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PlantFiles: Red Bamboo Ginger
Alpinia luteocarpa

Family: Zingiberaceae
Genus: Alpinia (al-PIN-ee-uh) (Info)
Species: luteocarpa (loo-tee-uh-KAR-puh) (Info)

One member has or wants this plant for trade.

Tropicals and Tender Perennials

4-6 ft. (1.2-1.8 m)
6-8 ft. (1.8-2.4 m)

6-9 in. (15-22 cm)
9-12 in. (22-30 cm)
12-15 in. (30-38 cm)
15-18 in. (38-45 cm)
18-24 in. (45-60 cm)
24-36 in. (60-90 cm)

USDA Zone 11: above 4.5 C (40 F)

Sun Exposure:
Sun to Partial Shade

Unknown - Tell us

Bloom Color:
White/Near White

Bloom Time:
Late Spring/Early Summer
Mid Summer

Grown for foliage

Other details:
Requires consistently moist soil; do not let dry out between waterings
Suitable for growing in containers

Soil pH requirements:
Unknown - Tell us

Patent Information:

Propagation Methods:
By dividing rhizomes, tubers, corms or bulbs (including offsets)

Seed Collecting:
Seed does not store well; sow as soon as possible
N/A: plant does not set seed, flowers are sterile, or plants will not come true from seed

Click thumbnail
to view:

By Kalpavriksha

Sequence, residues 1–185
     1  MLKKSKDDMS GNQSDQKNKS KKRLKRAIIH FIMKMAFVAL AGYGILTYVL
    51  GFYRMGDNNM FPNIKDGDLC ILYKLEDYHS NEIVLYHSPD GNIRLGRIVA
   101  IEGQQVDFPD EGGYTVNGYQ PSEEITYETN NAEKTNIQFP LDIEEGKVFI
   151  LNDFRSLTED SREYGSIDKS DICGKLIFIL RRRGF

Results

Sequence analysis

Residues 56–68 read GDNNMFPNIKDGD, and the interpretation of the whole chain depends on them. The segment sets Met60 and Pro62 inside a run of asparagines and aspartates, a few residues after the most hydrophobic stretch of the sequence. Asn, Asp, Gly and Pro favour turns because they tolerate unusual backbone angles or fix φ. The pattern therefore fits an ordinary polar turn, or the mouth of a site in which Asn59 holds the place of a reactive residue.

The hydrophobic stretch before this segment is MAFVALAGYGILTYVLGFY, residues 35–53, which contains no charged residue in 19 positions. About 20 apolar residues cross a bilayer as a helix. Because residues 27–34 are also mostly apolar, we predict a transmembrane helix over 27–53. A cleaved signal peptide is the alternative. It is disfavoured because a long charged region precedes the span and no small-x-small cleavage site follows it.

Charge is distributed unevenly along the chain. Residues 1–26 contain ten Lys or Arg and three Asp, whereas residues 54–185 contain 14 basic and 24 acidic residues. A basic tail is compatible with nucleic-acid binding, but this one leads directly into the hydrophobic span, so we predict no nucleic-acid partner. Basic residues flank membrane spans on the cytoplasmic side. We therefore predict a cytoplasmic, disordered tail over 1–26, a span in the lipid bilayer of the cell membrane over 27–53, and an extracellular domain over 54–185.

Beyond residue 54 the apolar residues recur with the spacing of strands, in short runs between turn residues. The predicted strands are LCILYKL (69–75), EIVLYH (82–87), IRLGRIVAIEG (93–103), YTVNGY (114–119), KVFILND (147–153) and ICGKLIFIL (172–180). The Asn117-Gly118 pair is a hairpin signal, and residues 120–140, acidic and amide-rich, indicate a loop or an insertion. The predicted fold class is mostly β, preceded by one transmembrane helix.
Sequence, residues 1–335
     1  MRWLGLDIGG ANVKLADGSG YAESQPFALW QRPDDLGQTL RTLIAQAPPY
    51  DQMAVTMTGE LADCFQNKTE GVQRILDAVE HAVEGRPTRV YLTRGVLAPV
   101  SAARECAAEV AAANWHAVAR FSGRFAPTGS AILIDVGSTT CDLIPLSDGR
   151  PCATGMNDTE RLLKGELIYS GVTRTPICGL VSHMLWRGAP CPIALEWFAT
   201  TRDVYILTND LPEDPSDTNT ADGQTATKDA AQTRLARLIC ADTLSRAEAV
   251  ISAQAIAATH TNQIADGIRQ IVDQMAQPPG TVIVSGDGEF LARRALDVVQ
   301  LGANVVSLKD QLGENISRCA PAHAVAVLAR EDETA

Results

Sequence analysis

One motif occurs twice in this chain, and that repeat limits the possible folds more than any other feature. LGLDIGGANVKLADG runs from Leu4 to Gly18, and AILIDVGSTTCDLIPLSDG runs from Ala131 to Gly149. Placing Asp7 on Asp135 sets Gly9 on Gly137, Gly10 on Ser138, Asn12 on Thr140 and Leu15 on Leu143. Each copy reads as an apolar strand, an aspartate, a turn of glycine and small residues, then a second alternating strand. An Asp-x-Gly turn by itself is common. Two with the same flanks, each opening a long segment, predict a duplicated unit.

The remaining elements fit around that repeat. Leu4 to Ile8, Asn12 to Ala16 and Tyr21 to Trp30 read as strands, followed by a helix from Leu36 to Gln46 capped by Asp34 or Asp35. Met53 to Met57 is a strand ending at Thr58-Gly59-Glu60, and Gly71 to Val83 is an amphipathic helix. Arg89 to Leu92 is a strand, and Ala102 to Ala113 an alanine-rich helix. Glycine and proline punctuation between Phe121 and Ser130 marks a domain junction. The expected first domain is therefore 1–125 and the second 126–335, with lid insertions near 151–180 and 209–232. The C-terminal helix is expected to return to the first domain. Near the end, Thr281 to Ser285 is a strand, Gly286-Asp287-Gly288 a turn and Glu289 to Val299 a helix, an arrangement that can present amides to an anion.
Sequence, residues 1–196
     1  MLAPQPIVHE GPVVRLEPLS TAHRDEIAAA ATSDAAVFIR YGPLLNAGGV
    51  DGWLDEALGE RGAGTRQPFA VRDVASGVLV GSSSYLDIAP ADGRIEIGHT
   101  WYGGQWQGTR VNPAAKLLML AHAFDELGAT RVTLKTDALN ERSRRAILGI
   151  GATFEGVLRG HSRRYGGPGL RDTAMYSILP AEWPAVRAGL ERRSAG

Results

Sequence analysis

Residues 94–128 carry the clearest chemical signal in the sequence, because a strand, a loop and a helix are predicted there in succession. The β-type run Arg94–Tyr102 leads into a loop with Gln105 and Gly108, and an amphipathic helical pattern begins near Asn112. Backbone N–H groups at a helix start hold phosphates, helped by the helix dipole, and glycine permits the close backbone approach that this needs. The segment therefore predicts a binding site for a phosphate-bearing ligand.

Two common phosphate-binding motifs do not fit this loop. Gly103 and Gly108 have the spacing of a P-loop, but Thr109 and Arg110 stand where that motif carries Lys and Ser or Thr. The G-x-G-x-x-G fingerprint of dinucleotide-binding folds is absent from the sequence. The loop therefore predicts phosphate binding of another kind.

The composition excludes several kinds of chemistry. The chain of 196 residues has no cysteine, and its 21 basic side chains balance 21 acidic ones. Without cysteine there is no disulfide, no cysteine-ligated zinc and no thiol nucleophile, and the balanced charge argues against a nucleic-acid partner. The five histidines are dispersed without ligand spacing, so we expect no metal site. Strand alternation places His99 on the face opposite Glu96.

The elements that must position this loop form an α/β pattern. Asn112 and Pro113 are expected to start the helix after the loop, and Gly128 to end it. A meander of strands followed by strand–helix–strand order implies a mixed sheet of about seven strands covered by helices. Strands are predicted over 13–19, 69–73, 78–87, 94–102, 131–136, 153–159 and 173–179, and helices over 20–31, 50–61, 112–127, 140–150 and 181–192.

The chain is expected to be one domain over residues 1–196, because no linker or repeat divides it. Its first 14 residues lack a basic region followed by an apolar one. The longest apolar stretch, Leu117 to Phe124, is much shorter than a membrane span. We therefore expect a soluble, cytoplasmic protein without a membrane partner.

Thumbnail #1 of Alpinia luteocarpa by Kalpavriksha


No positives
2 neutrals
No negatives

Gardeners' Notes:

Neutral aegisprncs On Mar 23, 2014, aegisprncs from Cudjoe Key, FL (Zone 11) wrote:

I have a new plant and am wondering if it's edible as well. It is a pot and does like regular watering.

Neutral mahina On Jul 18, 2010, mahina from Hawi, HI wrote:

the "red"in the name refers to the underside of the leaves--they're actually a dark purple-red color below and medium green above. very pretty. i have had this plant in three places in my garden, but it was scrubby and unhappy until i potted it and kept it moist. i've had it about 4 years and no flowers yet (only about a year in its new happy setting). i have read that the "luteocarpa" in the name refers to a yellow fruit which forms behind the spent blooms. don't know if it's edible. the leaves do not smell gingery like other alpinias when crushed, but they do have a mild, fruity fragrance. where i now have it, and where it's happiest so far, is in filtered shade in a mossy clay pot, nestled among other damp greenery. quite striking with it's dark reverse, but not terrifically showy.


This plant has been said to grow in the following regions:

Seaside, California
Summerland Key, Florida
Hawi, Hawaii
Mililani, Hawaii
Wahiawa, Hawaii

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